'Project Fire Buddies' helps families of sick children

A group of Chicago area firefighters and first responders have taken on an added mission to help children who are fighting terminal illnesses.

It started because firefighters would be sent to homes to fight fires, but then they realized so many in the community were dealing with even bigger problems.

It was a special day when the Tinley Park Fire Department and organization Project Fire Buddies were not putting out any fires, but spreading only love and compassion.

They arrived at the home of Melanie Danahy and her daughters Addison, Angelina and baby Theodora.

Theodora, who is 7-months-old, suffers from a rare genetic disorder known as gangliosidosis. It progressively destroys nerve cells in the brain and spinal cord.

"She has type one infantile which is the most severe and it gives her life expectancy of two years plus she just got diagnosed with cardiomyopathy," said Melanie. "So it's been very hard."


So, Project Fire Buddies put their boots on the ground to help. It's what they do, giving back to Chicago area families with critically ill children.

Project Fire Buddies arrived with a new crib, a check to help with expenses, and brand-new cellphones for the sisters to stay in touch.

"You know there's a lot going on with mom, going in and out of the hospital. With the baby, it's kind of hard to get to communicate with her, so it's really nice," said Addison.

Theodora is on oxygen and a feeding tube and requires 24/7 care, so Melanie stays home full time.

The family has fallen on hard times. Medical expenses are overwhelming and Melanie’s fiancé — Theodora's father — just recently passed away unexpectedly.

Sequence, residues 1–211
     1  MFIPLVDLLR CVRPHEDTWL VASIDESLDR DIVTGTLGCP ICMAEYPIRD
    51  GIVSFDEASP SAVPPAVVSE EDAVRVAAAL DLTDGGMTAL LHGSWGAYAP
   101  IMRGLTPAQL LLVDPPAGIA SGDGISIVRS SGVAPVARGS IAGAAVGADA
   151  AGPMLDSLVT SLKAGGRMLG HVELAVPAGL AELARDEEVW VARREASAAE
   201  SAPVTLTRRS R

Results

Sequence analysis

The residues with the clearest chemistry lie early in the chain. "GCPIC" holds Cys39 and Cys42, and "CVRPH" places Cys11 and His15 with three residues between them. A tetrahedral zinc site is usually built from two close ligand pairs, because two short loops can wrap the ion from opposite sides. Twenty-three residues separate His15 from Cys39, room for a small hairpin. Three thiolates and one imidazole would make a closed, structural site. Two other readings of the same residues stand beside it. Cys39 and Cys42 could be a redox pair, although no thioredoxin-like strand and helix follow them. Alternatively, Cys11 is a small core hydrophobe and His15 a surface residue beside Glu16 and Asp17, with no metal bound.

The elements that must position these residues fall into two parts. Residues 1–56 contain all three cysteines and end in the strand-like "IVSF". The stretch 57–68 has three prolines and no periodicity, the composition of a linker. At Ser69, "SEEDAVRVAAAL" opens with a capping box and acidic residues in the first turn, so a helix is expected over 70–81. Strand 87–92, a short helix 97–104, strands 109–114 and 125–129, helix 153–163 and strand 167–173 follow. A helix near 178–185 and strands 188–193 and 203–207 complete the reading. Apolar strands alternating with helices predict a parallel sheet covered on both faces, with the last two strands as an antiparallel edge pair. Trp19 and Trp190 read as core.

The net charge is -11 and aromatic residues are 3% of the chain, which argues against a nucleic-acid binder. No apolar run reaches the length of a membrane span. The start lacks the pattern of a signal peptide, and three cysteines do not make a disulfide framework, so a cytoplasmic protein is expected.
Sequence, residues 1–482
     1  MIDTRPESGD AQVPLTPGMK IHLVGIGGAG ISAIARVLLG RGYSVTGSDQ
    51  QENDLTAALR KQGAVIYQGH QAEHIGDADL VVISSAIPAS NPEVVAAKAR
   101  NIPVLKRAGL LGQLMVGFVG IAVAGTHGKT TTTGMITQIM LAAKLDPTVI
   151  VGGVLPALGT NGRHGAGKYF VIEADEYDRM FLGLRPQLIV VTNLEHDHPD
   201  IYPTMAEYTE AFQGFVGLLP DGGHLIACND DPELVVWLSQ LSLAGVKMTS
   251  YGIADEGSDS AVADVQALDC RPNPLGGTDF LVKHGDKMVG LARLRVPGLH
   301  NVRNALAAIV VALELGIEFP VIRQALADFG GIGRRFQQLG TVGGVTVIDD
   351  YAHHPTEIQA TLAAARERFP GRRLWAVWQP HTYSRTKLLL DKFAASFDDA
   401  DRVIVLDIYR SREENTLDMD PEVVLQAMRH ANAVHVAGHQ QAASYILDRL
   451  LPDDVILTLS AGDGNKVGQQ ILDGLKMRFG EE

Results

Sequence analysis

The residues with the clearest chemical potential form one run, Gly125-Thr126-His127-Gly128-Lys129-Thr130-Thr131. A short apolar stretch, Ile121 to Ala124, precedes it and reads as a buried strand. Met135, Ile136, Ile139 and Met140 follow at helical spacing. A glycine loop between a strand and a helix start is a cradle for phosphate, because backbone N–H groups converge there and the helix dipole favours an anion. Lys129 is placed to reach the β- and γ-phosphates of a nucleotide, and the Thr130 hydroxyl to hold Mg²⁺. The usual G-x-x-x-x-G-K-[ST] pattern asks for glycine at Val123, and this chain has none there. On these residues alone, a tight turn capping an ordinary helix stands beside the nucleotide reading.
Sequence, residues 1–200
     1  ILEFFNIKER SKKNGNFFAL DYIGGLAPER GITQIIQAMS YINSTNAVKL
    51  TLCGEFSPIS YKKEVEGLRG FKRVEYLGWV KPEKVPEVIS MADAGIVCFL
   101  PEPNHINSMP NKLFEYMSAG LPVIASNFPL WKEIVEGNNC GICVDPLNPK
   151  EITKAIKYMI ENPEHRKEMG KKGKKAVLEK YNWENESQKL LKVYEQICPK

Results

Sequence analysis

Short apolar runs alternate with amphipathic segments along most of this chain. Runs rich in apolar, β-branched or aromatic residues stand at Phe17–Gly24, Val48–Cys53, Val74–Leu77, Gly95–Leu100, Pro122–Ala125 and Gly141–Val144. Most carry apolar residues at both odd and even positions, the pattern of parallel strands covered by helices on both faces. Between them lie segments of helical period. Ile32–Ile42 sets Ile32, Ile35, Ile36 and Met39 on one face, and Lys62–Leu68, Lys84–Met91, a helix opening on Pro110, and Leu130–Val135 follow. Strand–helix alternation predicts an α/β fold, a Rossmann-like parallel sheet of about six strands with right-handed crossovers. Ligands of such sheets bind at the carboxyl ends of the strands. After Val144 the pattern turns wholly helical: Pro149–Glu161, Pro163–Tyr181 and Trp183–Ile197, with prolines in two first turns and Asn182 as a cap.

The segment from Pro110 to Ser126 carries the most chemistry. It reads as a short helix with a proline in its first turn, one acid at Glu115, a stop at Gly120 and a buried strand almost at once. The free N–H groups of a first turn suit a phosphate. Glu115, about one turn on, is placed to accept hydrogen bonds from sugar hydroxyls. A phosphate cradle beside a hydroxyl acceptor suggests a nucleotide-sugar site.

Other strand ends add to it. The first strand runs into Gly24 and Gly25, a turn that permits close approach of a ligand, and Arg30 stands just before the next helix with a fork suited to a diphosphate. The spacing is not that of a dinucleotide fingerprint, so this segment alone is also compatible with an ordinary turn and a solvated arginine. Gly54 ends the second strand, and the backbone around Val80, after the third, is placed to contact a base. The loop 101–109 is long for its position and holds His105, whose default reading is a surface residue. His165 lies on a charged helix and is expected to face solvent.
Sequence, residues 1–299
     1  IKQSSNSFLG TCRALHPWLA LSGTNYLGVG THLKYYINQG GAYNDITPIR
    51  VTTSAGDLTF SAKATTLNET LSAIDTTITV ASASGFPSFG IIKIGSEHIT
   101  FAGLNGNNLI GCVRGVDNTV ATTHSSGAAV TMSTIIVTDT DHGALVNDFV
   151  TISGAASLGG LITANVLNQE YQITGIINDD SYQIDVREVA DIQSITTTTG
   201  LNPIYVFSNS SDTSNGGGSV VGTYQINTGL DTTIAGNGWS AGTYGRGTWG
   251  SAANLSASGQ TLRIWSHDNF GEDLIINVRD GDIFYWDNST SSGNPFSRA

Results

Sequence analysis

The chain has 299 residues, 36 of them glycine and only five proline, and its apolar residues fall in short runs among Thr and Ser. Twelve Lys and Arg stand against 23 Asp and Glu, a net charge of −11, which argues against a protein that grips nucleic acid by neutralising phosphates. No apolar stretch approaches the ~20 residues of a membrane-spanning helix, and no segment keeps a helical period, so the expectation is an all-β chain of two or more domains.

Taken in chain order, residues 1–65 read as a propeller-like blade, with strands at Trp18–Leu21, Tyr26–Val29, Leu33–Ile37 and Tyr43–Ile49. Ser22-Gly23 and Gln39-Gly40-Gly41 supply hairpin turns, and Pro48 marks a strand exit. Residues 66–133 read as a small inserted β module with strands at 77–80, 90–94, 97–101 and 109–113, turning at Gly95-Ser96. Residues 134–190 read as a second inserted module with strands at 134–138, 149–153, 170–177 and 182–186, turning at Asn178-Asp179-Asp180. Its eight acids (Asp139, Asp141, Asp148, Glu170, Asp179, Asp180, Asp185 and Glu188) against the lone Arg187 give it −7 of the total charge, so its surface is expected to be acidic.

Project Fire Buddies started in 2019 and since that time they have helped more than 100 families and there are now 23 different chapters.

"We add chapters every week. It's spreading like wildfire and it's a great thing," said Kurt DeGroot.

They've enlisted the support of big name celebrities: The Rock, Wonder Woman Gal Gadot, Jack Black and more to help them spread good cheer.

For Melanie and her family, the much needed love and support couldn't come at a better time — and Project Fire Buddies is also bringing them renewed hope.

"I believe that just the awareness to get it out, because it's such a rare genetic disorder that many people don’t know about it," Melanie said.

"I hope that she gets to live past two years and I hope that she gets better and she doesn't have to have feeding tube or the oxygen," said Angelina.

Firefighters are often called heroes.  For Project Fire Buddies, it's not only about putting out fires but giving back to the communities they already serve — even when they least expect it.

"...it always feels good to do good," said DeGroot.